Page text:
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The diaries of L’Obscurier

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The hugely influential artist, architect, sculptor, painter and social engineer revolutionised the way we think about the built environment and then drowned in the Mediterranean

Translated by Danvers Couchmere from the original haughty French

March 28, 1954.

The epoch now upon us has created an upper stratum of human intelligence - thinkers, designers, planners, artists, engineering magnates, experimenters in social realism (exempli gratia Britain’s so-called ‘kitchen sink architects’), Modern sexualists, writers-of-the-moment & cetera & cetera.

I hesitate to call us übermenschen. Of the 500 or so truly influential figures in the world to-day, two are certainly women; also, the term übermenschen still provokes a negative connotation in certain salons. Very well then, we are pedagogues. We broadcast our seeds of cultural revolution in the ill-furrowed fields of human endeavour.

Alas, these fields remain full of human clods and are ravaged by the opportunistic starlings of the press, who gobble up the seed and make ugly ‘cawing’ noises.
Only last week there appeared a ‘profile’ of M. Picasso in Modern Iconoclast. The author impertinently accused my fellow-genius of infidelity, arrogance and ‘splodged paint-work’.

My occasional smoking-companion M. Sartre was similarly traduced recently by Hep & Pep magazine, which described him as ‘a pompous, squinting, miserabilist Maoist bore’.

Now I too must endure public ridicule in the gossip rags. A preposterous piece in Maestro, ‘Arts Periodical for the Cultured Man of To-Day’ not only prints some unflattering photo-graphs but, further, describes me as a ‘behavioural fascist’.

A fine reward indeed, for my long years of resistance to the Nazi Occupation of France. My fellow resistors know how resolutely I opposed the Vichy Government, using the most powerful weapon at my disposal - a profound disdain for its taste in music and architecture.

Let us examine this possibly-libellous charge of ‘behavioural fascism’. It is nonsense. Mme. L’Obscurier and I often entertain at home in circumstances of the most floweringly informal. Of course guests are required to shower and then change into sterilised linen djellabas and pantalons. We are not barbarians, I think!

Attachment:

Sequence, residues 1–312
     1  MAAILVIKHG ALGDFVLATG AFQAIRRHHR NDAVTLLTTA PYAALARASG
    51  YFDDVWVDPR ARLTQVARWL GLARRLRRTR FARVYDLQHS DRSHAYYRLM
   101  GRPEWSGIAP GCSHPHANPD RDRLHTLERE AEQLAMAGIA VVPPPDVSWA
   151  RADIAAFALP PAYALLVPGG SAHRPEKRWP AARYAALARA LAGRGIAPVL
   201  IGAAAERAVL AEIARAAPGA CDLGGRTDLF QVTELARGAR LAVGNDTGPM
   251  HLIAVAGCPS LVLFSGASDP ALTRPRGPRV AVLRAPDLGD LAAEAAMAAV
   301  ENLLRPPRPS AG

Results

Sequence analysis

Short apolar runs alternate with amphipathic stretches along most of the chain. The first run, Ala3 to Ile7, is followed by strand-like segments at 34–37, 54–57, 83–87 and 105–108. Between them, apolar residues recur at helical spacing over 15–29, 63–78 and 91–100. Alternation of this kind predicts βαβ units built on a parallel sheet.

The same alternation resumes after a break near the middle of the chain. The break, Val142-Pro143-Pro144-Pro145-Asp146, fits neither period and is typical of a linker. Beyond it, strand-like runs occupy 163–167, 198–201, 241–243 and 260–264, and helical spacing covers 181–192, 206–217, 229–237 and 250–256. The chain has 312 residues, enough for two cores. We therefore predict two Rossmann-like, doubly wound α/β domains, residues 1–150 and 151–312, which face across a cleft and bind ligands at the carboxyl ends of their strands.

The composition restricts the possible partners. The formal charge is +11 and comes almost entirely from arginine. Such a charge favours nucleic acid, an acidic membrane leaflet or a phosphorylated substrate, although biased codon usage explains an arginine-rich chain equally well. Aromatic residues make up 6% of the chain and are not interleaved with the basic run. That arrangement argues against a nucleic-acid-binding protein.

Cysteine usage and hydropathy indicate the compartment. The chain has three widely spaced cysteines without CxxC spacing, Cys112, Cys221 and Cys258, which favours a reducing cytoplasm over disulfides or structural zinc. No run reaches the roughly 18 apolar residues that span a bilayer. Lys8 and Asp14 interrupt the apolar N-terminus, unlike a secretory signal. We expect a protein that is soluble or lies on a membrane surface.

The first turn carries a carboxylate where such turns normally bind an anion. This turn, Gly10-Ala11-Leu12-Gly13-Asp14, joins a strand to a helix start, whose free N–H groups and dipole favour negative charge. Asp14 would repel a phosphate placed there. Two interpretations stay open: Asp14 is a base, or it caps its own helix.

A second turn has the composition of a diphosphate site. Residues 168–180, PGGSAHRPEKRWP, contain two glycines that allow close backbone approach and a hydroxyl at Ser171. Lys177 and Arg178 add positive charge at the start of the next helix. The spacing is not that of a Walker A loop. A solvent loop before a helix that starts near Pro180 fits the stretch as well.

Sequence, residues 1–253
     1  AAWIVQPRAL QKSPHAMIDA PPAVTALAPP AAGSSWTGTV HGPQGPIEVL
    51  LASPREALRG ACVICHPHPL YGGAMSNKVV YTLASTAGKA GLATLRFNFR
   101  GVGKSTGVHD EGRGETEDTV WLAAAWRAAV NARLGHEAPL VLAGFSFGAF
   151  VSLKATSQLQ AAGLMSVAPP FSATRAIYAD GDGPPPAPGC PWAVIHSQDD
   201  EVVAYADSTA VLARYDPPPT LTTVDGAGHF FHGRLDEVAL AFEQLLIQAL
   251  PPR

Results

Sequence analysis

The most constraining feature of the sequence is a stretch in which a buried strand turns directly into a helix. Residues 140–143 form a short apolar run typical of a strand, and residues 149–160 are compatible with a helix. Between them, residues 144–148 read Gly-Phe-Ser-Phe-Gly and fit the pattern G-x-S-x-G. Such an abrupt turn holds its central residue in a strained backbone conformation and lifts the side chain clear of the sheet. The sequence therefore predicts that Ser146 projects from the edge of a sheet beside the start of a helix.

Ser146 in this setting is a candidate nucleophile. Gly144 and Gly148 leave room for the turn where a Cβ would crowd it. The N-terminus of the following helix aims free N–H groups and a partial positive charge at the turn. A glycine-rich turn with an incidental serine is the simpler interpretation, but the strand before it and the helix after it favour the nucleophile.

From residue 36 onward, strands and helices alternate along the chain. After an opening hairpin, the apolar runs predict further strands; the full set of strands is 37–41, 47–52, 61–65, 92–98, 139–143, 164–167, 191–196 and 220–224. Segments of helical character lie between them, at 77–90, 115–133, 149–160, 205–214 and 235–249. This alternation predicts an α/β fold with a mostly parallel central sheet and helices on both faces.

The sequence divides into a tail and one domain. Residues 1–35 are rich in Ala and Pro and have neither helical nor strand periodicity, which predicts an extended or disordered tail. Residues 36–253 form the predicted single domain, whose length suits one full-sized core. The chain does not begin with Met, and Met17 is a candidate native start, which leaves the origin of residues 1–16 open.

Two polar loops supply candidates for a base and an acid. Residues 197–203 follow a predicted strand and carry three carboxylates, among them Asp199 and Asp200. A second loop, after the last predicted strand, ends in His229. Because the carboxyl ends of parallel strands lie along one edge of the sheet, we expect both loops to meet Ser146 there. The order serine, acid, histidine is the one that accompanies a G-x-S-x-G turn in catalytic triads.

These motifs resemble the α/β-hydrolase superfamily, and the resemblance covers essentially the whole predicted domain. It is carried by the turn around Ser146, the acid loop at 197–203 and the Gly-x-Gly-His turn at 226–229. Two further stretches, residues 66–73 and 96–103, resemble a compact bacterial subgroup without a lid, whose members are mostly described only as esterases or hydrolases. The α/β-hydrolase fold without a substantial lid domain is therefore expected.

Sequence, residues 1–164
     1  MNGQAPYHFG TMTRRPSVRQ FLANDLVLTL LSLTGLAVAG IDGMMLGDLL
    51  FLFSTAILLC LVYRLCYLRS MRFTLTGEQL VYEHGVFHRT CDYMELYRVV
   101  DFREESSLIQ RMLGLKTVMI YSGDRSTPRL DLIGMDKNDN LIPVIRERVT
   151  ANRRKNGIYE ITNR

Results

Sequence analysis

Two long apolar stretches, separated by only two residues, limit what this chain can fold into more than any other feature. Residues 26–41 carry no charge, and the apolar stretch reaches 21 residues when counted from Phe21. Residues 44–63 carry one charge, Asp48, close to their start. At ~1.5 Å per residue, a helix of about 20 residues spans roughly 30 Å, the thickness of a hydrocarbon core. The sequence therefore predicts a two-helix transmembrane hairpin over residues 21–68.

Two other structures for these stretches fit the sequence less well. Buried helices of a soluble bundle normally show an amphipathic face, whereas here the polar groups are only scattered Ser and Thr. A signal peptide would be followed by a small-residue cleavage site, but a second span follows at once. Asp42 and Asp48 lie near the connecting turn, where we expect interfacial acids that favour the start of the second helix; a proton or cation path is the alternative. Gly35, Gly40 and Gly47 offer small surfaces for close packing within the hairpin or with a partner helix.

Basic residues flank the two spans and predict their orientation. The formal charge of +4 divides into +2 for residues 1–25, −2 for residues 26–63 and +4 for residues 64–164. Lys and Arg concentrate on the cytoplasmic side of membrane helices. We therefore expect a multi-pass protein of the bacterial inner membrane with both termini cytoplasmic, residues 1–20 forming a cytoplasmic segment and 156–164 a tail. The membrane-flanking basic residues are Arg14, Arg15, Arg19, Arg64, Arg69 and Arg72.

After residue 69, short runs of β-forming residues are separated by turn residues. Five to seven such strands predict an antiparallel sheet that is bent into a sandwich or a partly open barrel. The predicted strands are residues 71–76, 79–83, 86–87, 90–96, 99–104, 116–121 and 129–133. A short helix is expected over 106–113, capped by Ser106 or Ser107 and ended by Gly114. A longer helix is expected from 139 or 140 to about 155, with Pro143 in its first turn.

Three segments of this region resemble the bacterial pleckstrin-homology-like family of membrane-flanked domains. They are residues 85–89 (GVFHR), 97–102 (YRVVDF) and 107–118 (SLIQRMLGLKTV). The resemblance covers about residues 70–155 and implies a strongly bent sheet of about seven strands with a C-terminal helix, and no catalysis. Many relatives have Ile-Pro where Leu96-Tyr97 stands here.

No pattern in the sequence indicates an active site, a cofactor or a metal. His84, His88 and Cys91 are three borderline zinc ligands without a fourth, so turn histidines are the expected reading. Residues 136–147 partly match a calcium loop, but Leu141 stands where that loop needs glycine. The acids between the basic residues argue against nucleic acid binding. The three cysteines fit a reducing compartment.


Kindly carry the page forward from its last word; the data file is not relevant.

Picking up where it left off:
Guests are then shown by the ante-chamber-maid into an ante-chamber. We call this, without affectation, as we speak mostly French, our bavardoiserie, or chatting room. Here chatting may be properly conducted. The bavardoiserie is a windowless 226 x 226 x 226 cell with experimental ‘air-conditioning’. It is a machine for chatting in. It encourages conversation to be concise and to the point.

All guests are issued with the following:

  • A detailed map of the house.
  • Clear, sequential, unequivocal directions for using the bathroom.

Does this sound as if I do not care? Hardly! Let us hear no more talk of this coldly intelligent man, this icy L’Obscurier and his heart-in-winter. My heart, like any other, is neatly accommodated within a perfectly proportioned scaffolding of ribs, part of the human body’s mathematically correct structure.


Deep diving today. My oxygen-helium tanks hold enough enhanced air for approximately 37.5 minutes. I shall work on my new alphabet idea. Suppose that instead of a 26-letter alphabet we were to employ a 26 x 26 x 26 alphabet - what a spiritualising abstraction! I shall not budge until the problem is solved. Oxygen-helium? Or L’Obscurier? Who shall be vanquished?

Ian Martin is away

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